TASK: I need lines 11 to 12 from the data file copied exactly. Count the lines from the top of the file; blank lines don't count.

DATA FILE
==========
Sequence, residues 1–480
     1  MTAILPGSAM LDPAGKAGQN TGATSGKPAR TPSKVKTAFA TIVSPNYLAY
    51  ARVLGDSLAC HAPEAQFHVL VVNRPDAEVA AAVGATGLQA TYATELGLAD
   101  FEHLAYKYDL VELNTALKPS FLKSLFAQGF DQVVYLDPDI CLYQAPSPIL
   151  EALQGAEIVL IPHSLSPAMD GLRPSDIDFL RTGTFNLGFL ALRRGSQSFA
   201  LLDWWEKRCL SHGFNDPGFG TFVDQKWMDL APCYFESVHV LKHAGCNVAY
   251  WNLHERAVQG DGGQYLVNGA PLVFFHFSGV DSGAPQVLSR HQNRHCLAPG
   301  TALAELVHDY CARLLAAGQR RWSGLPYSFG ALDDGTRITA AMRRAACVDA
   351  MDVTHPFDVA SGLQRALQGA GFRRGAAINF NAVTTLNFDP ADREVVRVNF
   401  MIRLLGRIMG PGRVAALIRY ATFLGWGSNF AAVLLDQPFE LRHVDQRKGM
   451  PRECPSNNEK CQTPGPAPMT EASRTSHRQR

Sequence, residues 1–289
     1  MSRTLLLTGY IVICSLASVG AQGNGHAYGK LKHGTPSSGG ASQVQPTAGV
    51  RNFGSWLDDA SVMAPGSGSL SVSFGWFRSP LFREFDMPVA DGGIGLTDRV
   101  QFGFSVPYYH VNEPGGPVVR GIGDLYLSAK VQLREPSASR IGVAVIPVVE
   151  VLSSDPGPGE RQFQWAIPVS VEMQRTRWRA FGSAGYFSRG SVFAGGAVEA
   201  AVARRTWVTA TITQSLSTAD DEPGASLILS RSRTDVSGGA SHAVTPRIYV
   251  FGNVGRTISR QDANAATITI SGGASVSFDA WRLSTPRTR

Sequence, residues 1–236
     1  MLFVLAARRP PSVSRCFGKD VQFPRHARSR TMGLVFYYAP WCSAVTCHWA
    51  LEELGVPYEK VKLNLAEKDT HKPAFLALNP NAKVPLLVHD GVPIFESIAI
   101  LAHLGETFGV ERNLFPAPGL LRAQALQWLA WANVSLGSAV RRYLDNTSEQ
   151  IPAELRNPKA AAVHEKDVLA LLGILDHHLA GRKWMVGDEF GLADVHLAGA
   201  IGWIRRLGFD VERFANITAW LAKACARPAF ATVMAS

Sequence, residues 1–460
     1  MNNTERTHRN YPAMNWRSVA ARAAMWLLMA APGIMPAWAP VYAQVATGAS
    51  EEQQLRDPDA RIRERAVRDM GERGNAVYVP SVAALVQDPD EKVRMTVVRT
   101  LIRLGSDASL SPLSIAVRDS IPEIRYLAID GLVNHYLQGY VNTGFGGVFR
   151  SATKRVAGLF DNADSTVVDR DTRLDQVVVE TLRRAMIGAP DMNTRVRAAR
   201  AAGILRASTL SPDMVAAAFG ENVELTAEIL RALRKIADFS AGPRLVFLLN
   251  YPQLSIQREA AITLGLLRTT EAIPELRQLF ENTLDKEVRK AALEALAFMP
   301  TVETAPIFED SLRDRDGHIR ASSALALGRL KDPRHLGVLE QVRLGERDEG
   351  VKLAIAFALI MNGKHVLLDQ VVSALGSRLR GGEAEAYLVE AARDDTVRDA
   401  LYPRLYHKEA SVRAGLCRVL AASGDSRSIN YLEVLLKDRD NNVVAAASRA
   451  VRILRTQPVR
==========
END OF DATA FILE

   451  PRECPSNNEK CQTPGPAPMT EASRTSHRQR

Sequence, residues 1–289